Today (Sunday, July 21), I will be traveling with 32 other young adults, mainly from the Archdiocese of Indianapolis, to Rio de Janeiro, Brazil, for World Youth Day 2013 – along with several hundred thousand Catholics from around the world, including our Holy Father, Pope Francis. Held every two or three years, World Youth Day is an international gathering that aims to energize Catholic young people in their faith and exhibit the truly universal nature of our Church. The last World Youth Day was held in Madrid, Spain, in 2011, and before then has been held in Sydney, Cologne, Toronto, Rome, Paris, Manila, Denver, Czestochowa, Santiago de Compostela, and Buenos Aires. This is my first time attending this international celebration.
Many people have asked – what exactly do you do during World Youth Day? Well, to begin with, the name is a bit of a misnomer – it is actually a full week of activities, not just a day. From what I have gathered (since I have not personally attended before), there are three main types of gatherings – 1) Catechesis, 2) the Youth Festival, and 3) Main Events. For three days during the week (Wednesday through Friday), pilgrims gather in smaller groups according to language and meet in the mornings for catechesis with a bishop – an opportunity for bishops to act in their primary roles as teachers of the faith and for the pilgrims to grow in knowledge of what it means to be Catholic. The catechesis sessions also include Mass and the opportunity to receive the Sacrament of Reconciliation. Then, in the afternoons, the events of the youth festival are held throughout the city – a variety of events including music, church tours, movies, theater, cultural events, and a vocations fair. Finally, the Main Events are held primarily in the evenings – a large opening Mass with all of the pilgrims, the Papal Welcoming Ceremony, and the Stations of the Cross. World Youth Day comes to a culmination over the weekend, as everyone makes a walking pilgrimage to a large field outside the city where there is an all-night Vigil Saturday night, followed by the closing Mass on Sunday morning with the Pope – in Rio, they are expecting as many as three million people for the closing Mass! I know that most of the people in our group – and all pilgrims from around the world – are especially excited about being in the presence of Pope Francis on his first international trip and return to his home continent, praying with him and listening to his words to the young Church.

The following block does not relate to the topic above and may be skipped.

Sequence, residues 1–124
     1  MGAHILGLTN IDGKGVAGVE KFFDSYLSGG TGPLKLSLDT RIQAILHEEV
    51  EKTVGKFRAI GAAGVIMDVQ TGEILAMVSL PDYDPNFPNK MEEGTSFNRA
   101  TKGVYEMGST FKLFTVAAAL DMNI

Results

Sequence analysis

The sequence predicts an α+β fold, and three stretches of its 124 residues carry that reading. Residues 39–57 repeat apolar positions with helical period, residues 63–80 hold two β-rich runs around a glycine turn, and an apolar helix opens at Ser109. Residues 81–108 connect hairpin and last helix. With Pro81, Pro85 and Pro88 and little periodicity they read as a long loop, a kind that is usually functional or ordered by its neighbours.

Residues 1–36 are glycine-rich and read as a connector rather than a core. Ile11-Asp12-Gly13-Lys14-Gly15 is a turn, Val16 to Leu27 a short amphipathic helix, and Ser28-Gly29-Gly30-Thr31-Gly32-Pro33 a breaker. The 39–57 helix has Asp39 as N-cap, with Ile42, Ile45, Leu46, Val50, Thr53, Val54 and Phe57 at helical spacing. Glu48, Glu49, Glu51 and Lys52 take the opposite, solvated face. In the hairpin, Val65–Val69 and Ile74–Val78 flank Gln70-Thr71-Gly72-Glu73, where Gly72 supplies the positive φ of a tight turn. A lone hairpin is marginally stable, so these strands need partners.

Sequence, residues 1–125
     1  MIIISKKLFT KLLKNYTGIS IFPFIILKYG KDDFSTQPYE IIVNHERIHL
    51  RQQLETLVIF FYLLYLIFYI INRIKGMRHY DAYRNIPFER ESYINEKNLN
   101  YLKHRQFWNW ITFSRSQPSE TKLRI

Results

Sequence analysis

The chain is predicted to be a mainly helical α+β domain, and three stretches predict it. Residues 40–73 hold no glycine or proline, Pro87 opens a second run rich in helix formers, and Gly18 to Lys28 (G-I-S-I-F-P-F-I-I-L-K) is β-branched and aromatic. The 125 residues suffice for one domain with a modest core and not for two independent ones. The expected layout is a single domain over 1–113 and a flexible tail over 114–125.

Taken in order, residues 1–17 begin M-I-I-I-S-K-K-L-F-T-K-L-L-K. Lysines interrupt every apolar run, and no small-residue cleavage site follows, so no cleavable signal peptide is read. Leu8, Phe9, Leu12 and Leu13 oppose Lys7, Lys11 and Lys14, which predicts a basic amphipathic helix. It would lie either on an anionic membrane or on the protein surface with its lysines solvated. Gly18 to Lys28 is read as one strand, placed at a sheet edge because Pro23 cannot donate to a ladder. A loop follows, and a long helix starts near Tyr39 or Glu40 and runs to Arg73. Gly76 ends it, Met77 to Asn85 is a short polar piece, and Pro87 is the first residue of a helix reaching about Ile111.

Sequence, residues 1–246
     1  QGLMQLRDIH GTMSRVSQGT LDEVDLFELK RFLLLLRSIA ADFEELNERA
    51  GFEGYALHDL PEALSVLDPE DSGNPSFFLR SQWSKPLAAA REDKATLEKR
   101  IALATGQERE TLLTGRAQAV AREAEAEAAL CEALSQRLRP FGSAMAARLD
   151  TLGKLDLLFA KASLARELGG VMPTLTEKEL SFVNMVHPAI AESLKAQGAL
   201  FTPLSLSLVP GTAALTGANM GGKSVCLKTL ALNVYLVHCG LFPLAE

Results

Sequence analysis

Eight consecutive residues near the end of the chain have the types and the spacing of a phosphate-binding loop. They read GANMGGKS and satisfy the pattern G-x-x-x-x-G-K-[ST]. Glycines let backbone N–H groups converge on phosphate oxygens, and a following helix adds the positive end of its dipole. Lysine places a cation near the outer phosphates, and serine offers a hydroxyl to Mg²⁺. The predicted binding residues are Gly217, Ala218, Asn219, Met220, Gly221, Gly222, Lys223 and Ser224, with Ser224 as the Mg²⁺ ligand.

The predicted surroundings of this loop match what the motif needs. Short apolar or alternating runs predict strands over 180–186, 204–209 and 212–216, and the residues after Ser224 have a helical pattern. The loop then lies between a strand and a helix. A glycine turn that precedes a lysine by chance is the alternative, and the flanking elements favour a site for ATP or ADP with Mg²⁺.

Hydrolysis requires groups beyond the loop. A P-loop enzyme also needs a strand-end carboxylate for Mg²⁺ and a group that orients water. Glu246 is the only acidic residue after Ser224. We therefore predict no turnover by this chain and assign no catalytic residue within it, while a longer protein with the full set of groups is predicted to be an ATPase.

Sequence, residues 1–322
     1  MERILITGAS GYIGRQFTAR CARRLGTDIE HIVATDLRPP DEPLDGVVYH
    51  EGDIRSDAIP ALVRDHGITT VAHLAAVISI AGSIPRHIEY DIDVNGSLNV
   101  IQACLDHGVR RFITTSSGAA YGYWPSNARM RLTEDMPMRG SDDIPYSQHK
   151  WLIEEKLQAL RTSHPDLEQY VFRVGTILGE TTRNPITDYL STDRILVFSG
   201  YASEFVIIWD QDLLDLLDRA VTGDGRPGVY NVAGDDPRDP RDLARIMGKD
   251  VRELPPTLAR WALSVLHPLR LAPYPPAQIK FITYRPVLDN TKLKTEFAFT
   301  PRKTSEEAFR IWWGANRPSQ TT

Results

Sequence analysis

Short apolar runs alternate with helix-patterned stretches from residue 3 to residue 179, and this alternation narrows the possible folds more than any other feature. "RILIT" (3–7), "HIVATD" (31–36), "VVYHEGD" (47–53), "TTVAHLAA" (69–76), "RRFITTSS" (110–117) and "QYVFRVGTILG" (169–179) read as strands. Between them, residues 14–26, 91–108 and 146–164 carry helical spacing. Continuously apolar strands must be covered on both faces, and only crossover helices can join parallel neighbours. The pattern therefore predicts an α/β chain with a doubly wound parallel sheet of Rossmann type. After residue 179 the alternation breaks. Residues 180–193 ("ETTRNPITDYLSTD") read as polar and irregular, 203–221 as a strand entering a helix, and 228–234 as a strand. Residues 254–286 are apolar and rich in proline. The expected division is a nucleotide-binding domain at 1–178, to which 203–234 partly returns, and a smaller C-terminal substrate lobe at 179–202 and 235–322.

Along the way, another major component to World Youth Day is the opportunity to meet and interact with young Catholics from around the world – both fellow pilgrims and locals. While we are in Rio, our group will be hosted by a parish in the Recreio neighborhood west of the city. There will also be set times to gather with other pilgrims from the United States – particularly on Wednesday evening during a national gathering at the Vivo Rio center. Many of the Main Events will be taking place on Copacabana Beach, right in the middle of the city, with the final Vigil and Mass at a field in Guaratiba, west of Rio. Add in some time to just explore the city and Brazilian culture, and it should be quite a week! And over everything stands the famous statue of Christ the Redeemer on the hill of Corcovado, watching over the city and her people.
If you would like to follow us on our pilgrimage to World Youth Day, I invite you to visit the official Archdiocese of Indianapolis Pilgrimage Blog. I also hope to be able to post updates to this blog as well. And to find out all the details about World Youth Day, you can visit the official WYD 2013 site. Pray for us – and all pilgrims – along the way, and feel free to pass on any prayer intentions that you would like us to remember during our time in Rio.